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Central Ohio Officials Speak Out Against American Health Care Act

Adora Namigadde
Mount Carmel Health System Executive vice president Richard Streck speaking out against the Republican health care bill.

While the U.S. House of Representatives delays a vote on the American Health Care Act originally scheduled for Thursday evening, government and healthcare officials from Central Ohio spoke out against the bill at a forum at Columbus' Reeb Avenue Center.

If passed, the American Health Care Act would replace President Obama’s Affordable Care Act. Columbus city officials, including Mayor Andrew Ginther, voiced their concerns about the proposed healthcare legislation on Thursday afternoon.

“The American Health Care Act is not right for Central Ohio,” Ginther said. “If Congress votes to approve the legislation tonight, the progress we have made could be reversed.”

City Council president Zack Klein, Franklin County Board of Commissioners president John O’Grady and Mount Carmel Health System Executive Vice President Richard Streck also spoke against the bill.

In a survey by NPR and its member stations, just four of Ohio's 12 Republican representatives responded to say they're in support of the proposal.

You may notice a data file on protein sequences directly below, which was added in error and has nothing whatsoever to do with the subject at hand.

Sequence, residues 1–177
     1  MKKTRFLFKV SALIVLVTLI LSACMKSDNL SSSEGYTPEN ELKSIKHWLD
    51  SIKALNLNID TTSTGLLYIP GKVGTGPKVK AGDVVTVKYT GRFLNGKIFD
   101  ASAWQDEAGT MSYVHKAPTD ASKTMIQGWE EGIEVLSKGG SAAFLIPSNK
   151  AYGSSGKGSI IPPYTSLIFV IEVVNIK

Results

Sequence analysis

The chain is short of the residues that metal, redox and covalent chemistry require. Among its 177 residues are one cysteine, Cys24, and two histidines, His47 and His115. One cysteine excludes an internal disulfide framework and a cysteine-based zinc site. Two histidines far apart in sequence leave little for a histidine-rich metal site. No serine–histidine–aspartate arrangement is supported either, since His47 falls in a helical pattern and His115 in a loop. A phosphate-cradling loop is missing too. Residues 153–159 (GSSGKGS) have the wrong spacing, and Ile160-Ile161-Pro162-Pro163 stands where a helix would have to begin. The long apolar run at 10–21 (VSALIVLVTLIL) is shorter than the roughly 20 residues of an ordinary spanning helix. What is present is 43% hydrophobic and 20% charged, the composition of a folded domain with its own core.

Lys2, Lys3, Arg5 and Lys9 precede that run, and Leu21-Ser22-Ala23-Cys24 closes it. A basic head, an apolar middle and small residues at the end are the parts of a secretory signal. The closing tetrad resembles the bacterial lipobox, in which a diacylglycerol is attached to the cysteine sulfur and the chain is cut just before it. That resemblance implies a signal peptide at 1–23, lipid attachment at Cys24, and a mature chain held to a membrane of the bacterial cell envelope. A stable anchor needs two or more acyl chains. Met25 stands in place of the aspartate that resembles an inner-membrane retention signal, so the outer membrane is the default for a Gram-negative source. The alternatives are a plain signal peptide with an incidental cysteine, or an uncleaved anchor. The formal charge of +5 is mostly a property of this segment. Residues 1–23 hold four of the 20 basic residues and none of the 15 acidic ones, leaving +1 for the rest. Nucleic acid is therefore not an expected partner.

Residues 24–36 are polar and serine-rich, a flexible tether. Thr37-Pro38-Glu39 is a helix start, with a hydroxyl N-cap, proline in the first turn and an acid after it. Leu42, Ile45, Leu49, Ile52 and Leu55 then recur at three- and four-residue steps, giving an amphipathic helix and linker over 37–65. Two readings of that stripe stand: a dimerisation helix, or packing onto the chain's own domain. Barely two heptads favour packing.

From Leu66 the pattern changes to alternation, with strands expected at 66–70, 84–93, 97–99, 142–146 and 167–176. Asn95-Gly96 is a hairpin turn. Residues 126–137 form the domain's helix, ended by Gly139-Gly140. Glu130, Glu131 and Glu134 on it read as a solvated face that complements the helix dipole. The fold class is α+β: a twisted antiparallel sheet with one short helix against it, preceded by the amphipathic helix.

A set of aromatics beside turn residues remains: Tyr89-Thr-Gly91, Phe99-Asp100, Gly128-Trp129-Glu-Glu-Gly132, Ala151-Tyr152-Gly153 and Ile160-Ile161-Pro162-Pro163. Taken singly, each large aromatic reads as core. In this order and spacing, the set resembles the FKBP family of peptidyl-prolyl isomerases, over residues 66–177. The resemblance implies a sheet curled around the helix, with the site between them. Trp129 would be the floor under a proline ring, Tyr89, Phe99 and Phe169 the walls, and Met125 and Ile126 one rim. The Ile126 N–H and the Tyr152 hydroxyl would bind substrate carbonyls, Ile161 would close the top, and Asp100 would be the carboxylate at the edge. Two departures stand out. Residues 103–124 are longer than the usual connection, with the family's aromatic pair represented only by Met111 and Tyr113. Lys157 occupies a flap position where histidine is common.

That includes Congressman Pat Tiberi, who represents Ohio’s 12th district bordering Franklin County. In a press release, he said the American Health Care Act gives people better access to affordable coverage.

“It contains specific reforms to provide relief from Obamacare’s taxes and mandates, and gives patients the tools they need to be in charge of their own care, like increased access to health savings accounts and tax credits to help individuals and families purchase the care they need,” Tiberi said.

At Thursday's forum, Mount Carmel Health System vice president Richard Streck said passing the American Health Care Act would undo work by the Kasich administration to ensure more Ohioans have insurance. Governor Kasich himself has come out against the proposal to roll back Medicaid expansion, under which 700,000 Ohioans are covered.

“By expanding coverage, you expand access to care," Streck said. "By expanding access to care, patients can access our healthcare system at an earlier stage of their disease."